question about modern cooking and culture
- I recently bought a cookbook that was recommened as being authentic
homestyle Japanese cooking. I know that no matter what the cuisine,
resturant food is generally not how people eat at home. However, this
cookbook makes me wonder how Japanese people really eat at home. The
portions are so miniscule that either they don't eat as much as we do
(which I can believe), they don't cook big and eat or keep leftovers,
or they have many dishes at each meal. The one recipe that I have
tried from this book was a "country one-dish"type cassarole. It
served 4 and called for things like 4shrimp or 4 slices of carrot,
1tablespoon of diced chicken breast, or 2 sliced okra. To me, a
one-pot dish means that's all there is to a meal (think of traditional
pot roast, where your meat, veggie and starch are all cooked
togther). That recipe didn't sound hearty enough to stand alone.
Would this normally be served with a few other dishes? How do
Japanese people really eat at home?
- On Sun, 13 Jan 2002, andreahg2000 wrote:
> (which I can believe), they don't cook big and eat or keep leftovers,From my experience, I would think that most Japanese tend to eat a
> or they have many dishes at each meal. The one recipe that I have
> tried from this book was a "country one-dish"type cassarole. It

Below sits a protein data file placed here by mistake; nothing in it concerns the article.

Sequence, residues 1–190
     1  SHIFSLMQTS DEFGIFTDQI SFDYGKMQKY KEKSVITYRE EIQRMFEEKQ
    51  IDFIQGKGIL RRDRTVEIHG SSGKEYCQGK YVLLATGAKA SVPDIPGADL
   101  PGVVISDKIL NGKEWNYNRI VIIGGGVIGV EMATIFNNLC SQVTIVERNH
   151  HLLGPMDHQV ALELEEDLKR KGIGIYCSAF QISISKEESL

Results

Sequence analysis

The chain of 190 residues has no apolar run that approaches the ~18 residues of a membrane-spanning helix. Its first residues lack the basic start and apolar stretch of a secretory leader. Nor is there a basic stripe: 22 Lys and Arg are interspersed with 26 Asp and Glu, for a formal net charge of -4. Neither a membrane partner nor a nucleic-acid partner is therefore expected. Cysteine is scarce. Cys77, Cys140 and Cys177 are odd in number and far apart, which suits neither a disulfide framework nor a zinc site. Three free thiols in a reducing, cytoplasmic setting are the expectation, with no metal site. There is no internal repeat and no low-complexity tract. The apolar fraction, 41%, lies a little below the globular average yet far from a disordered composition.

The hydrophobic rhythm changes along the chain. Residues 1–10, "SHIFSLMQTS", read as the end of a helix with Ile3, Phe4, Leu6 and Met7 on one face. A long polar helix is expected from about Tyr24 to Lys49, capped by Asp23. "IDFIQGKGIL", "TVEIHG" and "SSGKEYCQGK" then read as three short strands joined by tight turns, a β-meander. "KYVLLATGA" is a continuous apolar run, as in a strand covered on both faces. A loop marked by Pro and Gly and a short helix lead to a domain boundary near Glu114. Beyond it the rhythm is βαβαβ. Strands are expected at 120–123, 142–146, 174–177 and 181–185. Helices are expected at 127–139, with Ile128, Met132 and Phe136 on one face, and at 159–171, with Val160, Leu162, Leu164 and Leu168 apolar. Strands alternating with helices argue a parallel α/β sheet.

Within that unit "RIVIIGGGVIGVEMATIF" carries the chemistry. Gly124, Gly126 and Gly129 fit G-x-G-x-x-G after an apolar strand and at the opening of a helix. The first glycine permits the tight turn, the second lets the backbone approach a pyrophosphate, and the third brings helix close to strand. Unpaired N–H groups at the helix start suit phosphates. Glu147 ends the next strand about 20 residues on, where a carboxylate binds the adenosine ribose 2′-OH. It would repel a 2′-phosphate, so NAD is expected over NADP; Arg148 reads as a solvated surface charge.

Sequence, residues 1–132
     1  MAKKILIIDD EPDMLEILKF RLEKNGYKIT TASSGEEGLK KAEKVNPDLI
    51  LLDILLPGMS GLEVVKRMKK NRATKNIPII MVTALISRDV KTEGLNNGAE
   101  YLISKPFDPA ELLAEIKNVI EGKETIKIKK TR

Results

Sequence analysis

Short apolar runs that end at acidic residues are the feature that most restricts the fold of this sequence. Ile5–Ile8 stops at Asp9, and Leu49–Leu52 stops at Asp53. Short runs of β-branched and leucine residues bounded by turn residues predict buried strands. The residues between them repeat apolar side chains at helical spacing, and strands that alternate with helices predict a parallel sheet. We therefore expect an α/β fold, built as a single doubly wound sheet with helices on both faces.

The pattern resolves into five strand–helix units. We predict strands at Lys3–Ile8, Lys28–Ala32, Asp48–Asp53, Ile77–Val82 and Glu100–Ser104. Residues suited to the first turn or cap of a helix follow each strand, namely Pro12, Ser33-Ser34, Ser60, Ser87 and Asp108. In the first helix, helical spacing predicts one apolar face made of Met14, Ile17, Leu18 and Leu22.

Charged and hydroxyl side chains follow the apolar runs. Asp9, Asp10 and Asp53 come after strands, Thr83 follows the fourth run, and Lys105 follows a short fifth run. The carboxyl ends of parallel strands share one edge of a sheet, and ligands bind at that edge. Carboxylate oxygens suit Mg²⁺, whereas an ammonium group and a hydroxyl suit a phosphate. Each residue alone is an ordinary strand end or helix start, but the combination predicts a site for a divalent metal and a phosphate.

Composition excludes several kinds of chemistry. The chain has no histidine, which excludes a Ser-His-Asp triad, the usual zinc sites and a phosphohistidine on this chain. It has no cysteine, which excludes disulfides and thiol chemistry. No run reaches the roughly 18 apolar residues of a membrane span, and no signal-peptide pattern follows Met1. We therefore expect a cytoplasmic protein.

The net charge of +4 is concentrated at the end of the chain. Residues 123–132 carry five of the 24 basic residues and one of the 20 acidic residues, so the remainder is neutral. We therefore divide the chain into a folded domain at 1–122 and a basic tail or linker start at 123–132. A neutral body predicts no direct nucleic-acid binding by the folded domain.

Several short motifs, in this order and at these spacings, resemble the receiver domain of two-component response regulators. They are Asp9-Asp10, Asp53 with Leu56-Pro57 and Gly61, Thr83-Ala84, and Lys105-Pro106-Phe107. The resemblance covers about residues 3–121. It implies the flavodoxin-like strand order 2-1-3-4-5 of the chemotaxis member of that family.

> served 4 and called for things like 4shrimp or 4 slices of carrot,
> 1tablespoon of diced chicken breast, or 2 sliced okra. To me, a
> one-pot dish means that's all there is to a meal (think of traditional
> pot roast, where your meat, veggie and starch are all cooked
> togther). That recipe didn't sound hearty enough to stand alone.
> Would this normally be served with a few other dishes? How do
> Japanese people really eat at home?
smaller 'main entree' than Americans are used to. At the same time, they
do seem to often have plenty of little side dishes and TONES of rice (I
swear, one of my teachers but away 5 or 6 bowls of plain rice at one
sitting. We were trying to figure out if he had a wooden leg or
something--and that was on top of the rest of the meal!)
Meals that I had usually went something along the lines of: main dish,
soup (usually miso), and lotsa rice. I can think of three notable
exceptions to this: sukiyaki (which is already soupy and has lots of stuff
thrown in), oden (for the same reasons as sukiyaki), and when we grilled
stuff (then it was meat and vegetables, all thrown on a grill).
Ok... just got out my own Japanese Cook Book. Here they mention 'A simple
Japanese breakfast consists of rice, soup and a side dish. This is called
ichihan, ichiju, and issai." It is quite possible your 'one dish' is
supposed to be 'side dish' (ichi = 1, shortened to 'is' in 'issai')
Lunch would be something like obento (boxed lunch) or noodles (ramen or
udon) or rice curry.
The evening meal should be "ichiju sansai" or "soup and three (side
dishes)", along with steamed rice, pickles, and hot tea.
But if it is more of a casserole, then it fits into what is called here,
also, one-pot dishes. Under the heading of 'serving one-pot dishes' it
reads "One-pot dishes...are delicious placed over large bolws of steamed
rice." and "On the side, offer a salad...along with warm sake, hot green
tea or cold beer. Soft drinks and cold water are always welcomed" It
ends by suggesting a desert to go along with the 'one-pot dish'
I hope that helps some.
"Japanese Cooking for the American Table" by Susan Fuller Slack